In addition to hashing out the writing plan and starting the writing itself, which has been a terrific group effort, the past couple days have consisted of two main tasks.
First, I went through the transcriptome that had been blasted against the nucleotide database to remove any bacterial sequences with an e-value of less than 1e-200. We had agreed that these sequences would most likely represent contamination as the sequencing method targeted mRNA with polyA tails, which would not include bacteria. It turns out that there was an e-value threshold around 1e-179 before all the remaining, lowest e-values were zeros. I removed 1102 sequences with the following R code:
phel5<-read.csv(“Phel_clc_blastn_nt_edit.csv”) # this is the nucleotide blasted transcriptome that I edited to contain fewer columsn – the contig names are the key result from this code anyway so it’s fine
length(phel5$e) # 10768 total
# How many to take out? 1102 – same as ipython. This code makes a data frame of the REMOVED contigs.
my.data.frame2 <- subset(phel5, tax == “Bacteria” & e < 1e-200)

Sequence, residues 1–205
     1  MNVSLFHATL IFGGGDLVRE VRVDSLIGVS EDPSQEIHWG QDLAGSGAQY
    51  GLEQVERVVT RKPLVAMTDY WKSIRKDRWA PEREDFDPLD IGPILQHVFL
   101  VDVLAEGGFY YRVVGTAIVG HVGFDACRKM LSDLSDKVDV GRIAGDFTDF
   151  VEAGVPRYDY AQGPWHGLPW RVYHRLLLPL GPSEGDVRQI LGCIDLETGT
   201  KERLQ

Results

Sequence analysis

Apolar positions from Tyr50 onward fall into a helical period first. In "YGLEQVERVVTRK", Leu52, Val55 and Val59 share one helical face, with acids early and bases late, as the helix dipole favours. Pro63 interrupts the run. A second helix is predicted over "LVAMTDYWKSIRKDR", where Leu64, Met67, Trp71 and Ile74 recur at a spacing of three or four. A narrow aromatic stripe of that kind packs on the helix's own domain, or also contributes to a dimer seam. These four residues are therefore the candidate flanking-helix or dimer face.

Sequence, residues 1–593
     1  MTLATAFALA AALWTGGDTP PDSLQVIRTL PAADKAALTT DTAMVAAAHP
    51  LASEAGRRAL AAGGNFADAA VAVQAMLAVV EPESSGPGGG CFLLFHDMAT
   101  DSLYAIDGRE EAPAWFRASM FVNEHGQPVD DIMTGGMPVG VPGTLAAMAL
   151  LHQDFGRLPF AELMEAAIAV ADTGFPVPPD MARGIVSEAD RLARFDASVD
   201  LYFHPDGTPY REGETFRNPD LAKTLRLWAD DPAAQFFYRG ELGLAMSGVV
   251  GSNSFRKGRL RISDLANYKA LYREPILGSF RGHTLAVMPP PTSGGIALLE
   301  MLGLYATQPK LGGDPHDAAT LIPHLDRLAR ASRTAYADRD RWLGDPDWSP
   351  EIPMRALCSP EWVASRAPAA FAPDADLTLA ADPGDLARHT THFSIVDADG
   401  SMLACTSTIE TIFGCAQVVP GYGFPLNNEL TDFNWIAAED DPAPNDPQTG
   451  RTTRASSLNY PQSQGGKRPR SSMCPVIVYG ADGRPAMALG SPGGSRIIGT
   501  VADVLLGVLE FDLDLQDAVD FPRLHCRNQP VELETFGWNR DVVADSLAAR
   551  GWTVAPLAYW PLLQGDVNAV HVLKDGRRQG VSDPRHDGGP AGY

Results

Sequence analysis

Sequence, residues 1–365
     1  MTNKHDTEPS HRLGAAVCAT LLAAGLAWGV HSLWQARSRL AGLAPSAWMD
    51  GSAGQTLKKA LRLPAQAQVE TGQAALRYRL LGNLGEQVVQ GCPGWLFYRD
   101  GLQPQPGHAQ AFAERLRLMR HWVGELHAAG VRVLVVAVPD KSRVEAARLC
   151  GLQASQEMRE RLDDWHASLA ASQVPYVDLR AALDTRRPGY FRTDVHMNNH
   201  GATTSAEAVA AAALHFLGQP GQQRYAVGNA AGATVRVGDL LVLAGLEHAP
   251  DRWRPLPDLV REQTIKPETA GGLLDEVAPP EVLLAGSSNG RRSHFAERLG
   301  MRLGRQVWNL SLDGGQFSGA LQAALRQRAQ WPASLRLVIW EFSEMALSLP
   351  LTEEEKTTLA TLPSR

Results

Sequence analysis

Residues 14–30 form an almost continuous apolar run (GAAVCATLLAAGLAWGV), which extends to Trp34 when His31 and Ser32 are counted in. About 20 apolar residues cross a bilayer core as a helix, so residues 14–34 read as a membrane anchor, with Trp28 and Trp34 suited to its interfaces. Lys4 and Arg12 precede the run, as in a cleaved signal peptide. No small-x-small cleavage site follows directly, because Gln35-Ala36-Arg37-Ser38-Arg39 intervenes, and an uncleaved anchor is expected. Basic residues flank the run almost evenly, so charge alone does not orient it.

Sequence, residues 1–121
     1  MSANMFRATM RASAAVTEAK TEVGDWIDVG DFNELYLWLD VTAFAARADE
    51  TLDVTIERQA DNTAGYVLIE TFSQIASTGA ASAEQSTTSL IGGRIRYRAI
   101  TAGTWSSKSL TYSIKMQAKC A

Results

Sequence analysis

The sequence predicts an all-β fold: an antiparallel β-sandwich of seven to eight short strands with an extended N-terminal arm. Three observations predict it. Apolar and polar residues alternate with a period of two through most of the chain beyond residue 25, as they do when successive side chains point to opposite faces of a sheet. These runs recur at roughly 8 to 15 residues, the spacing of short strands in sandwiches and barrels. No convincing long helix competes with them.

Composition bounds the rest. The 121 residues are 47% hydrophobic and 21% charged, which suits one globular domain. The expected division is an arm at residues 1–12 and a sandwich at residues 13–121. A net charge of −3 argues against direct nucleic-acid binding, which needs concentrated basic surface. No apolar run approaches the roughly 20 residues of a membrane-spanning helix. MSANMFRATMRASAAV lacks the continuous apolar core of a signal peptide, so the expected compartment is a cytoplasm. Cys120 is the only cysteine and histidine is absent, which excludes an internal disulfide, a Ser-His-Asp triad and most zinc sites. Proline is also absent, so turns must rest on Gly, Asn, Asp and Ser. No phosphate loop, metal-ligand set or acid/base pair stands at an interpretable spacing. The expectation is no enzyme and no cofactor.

# This code makes a data frame of the final file (final data frame) without the REMOVED values: all those that aren’t bacteria + those that are bacteria but have e > 1e-200
my.data.frame <- subset(phel5, tax !=(“Bacteria”))
my.data.frame3 <- subset(phel5, tax ==”Bacteria” & e > 1e-200)
length(my.data.frame4$tax) # 9666
#length of #4 should = 10768-1102 = 9666
# Write final file to directory
Steven then checked the fasta file to see whether this process had removed the unusually large contains, which was mostly the case. Ultimately, this process led to removing approximately 1000 contains from the transcriptome file of ~ 30,000 contains that we have been using as the basis of our analyses.
- This will affect our characterization of the transcriptome (e.g. species distributions, gene annotations), which is good timing as we’re working on that now
- It will not affect the enrichment analyses based on DEGs with SPIDs as none of the bacterial sequences removed belonged to the SPID-annotated DEGs
The second major thing I’ve been working on is sorting through the differentially expressed genes in the enriched processes that map to the Toll pathway. This has been a good way to learn a lot more about the details of the Toll pathway, and above all the variability between species as well as the gaps in the knowledge!